Asian language support lagging in Asian Century discussion

Ken Henry’s white paper on Australia in the Asian Century will be released this Sunday. AAP

Asian language studies should be front and centre in the white paper on Australia in the Asian Century, say experts, with worrying declines in Asian language studies putting Australia at a disadvantage.

The government-commissioned white paper, authored by Ken Henry, is being released on Sunday and is expected to recommend greater integration with Asia, including benchmarks for coming decades.

But language experts say there has been a lack of bipartisan political support for language studies, which are critical to our role in the region.

“It would be an unimaginable oversight if the white paper fails to note the primacy of our language skills,” said David Hill, professor of southeast Asian studies at Murdoch University.

“The government’s got ample evidence of the importance of language learning and the importance of this to our future,” Professor Hill said.

“What is lacking is serious bipartisan political commitment to the implementation of recommendations from a string of reports.”

Professor Hill cited Michael Wesley’s report from 2009 that argued Australia needed half of the population to be fluent in an Asian language within 30 years or risked falling behind other countries.

Despite this report, Professor Hill said the government dropped the National Asian Languages and Studies in Schools Program, a program it committed some $A62 million to in 2008.

“There’s been no serious attempt to replace that with a language strategy in schools, and there’s just been a hiatus for the last 18 months to 2 years on this issue. It’s just been abandoned by the Labor government,” Professor Hill said.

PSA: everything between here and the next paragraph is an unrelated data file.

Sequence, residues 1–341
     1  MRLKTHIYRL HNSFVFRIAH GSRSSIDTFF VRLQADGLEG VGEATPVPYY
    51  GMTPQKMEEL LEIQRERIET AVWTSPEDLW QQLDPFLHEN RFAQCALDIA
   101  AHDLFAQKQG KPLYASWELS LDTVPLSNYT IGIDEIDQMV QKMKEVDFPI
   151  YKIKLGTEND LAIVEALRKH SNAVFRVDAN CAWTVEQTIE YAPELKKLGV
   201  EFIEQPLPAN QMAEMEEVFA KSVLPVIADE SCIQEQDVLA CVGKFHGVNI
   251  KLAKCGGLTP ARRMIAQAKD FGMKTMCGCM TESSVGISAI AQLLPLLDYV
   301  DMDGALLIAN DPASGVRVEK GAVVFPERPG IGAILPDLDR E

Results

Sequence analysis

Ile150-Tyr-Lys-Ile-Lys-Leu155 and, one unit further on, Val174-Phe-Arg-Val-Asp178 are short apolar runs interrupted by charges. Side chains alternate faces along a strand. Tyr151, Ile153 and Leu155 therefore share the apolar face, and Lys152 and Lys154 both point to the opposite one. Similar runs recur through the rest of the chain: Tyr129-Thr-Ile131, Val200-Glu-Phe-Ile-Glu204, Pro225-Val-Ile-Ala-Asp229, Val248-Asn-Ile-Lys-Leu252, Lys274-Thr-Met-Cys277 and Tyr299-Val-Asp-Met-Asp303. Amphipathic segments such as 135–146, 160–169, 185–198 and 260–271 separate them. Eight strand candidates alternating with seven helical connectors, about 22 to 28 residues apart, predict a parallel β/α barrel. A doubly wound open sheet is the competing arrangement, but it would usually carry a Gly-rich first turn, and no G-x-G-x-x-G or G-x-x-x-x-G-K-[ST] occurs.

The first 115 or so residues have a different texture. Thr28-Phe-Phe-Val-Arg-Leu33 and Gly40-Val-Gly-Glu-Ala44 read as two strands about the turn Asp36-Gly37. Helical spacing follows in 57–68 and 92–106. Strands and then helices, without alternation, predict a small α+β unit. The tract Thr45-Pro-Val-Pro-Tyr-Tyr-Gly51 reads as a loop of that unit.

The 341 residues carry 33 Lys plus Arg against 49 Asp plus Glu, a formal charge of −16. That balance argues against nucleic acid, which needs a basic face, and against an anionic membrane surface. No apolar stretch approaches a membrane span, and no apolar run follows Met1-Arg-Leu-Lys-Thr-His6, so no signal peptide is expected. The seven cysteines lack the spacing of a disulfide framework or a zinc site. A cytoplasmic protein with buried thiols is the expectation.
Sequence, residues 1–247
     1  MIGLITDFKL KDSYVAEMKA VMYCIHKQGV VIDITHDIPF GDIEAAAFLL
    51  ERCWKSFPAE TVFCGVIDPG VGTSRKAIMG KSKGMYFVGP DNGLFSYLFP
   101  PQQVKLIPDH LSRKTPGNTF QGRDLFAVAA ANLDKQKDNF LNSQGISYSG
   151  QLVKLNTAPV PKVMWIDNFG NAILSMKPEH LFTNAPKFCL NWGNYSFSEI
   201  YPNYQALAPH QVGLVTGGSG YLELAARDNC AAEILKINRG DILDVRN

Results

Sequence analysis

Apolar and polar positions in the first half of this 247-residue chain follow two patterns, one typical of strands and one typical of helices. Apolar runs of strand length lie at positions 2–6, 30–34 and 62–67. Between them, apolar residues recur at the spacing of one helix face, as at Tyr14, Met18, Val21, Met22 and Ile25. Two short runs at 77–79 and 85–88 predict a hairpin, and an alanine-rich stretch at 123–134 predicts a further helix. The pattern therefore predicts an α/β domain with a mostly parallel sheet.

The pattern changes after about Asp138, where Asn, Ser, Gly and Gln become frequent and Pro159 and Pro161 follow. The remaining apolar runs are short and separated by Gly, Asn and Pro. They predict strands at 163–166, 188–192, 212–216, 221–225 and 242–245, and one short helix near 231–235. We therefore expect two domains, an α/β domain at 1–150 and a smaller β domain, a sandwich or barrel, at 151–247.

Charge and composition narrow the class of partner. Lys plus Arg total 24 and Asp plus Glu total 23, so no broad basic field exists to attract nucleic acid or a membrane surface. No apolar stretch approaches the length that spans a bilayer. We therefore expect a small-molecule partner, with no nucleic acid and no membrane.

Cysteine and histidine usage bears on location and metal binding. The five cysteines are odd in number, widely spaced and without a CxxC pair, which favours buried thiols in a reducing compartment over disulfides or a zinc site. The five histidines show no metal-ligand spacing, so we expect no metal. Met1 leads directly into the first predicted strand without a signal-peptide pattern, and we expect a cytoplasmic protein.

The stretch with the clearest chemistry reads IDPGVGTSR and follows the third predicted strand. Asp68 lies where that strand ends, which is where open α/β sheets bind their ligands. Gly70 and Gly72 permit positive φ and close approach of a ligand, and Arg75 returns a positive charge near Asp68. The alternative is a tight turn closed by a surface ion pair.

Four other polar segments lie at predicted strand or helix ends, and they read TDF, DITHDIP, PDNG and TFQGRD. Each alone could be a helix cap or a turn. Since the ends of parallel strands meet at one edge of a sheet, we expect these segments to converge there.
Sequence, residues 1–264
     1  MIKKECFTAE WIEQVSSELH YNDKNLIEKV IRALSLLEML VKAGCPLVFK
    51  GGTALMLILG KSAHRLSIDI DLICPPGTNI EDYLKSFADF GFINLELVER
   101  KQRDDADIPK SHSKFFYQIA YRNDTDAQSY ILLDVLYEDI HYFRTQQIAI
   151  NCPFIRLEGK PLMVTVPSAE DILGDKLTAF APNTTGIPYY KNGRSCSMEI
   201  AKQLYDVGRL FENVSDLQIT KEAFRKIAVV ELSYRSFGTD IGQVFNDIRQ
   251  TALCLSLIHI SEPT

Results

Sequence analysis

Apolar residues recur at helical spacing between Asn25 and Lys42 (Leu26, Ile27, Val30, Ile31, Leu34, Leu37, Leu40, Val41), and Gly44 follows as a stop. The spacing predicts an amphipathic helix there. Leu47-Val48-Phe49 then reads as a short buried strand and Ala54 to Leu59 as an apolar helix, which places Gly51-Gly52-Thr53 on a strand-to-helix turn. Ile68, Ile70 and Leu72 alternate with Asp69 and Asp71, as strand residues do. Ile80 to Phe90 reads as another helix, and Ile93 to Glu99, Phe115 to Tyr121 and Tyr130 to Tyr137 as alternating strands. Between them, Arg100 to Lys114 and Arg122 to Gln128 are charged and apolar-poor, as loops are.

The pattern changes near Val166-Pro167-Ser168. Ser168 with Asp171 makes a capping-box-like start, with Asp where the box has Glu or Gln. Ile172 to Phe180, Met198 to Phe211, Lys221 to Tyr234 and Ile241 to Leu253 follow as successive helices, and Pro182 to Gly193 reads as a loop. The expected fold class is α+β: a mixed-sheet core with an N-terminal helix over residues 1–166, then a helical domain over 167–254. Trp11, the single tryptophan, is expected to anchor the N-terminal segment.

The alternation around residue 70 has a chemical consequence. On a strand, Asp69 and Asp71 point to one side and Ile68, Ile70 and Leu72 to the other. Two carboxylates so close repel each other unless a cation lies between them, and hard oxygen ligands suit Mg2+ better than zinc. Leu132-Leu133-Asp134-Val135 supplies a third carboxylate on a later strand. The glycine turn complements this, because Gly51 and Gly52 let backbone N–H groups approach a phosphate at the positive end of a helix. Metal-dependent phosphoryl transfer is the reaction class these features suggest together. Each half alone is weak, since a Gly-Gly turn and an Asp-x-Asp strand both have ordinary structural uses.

Business group CPA Australia this week released the results of a survey showing Australian respondents placed a relatively low level of importance on bilingual staff, while overseas respondents generally rated Australia as relatively poor in its knowledge of Asia and its languages.

CPA Australia wants the government to fund a review into making the study of Chinese language compulsory in all Australian primary and secondary schools.

This could prove extremely challenging said Bruce Jacobs, professor of Asian languages and studies at Monash University.

“One of the problems we face is a shortage of good teachers,” Professor Jacobs said.

“Teaching a language badly is almost worse than not teaching it at all.”

Professor Jacobs said the decline of language studies at a university level was a big worry, but added there was strong interest in Asian languages at Monash, with the university’s Korean studies program thriving.

Professor Jacobs said while it was critical for teachers of Asian languages to bring a knowledge of the relevant culture to their teaching, he would like to see some level of Asian language teaching made available to all students, at both a school and university level.

He reiterated Professor Hill’s view that bipartisan political support was required.

“These aren’t issues which can be solved quickly and they can’t be solved in one electoral term. There needs to be bipartisan consensus.”

Professor Hill said the cost of some programs to encourage Asian language studies, including one he was responsible for on Indonesia, represented a “tiny fraction” of the value of Australia’s direct investment with Asia, or the value of two-way trade.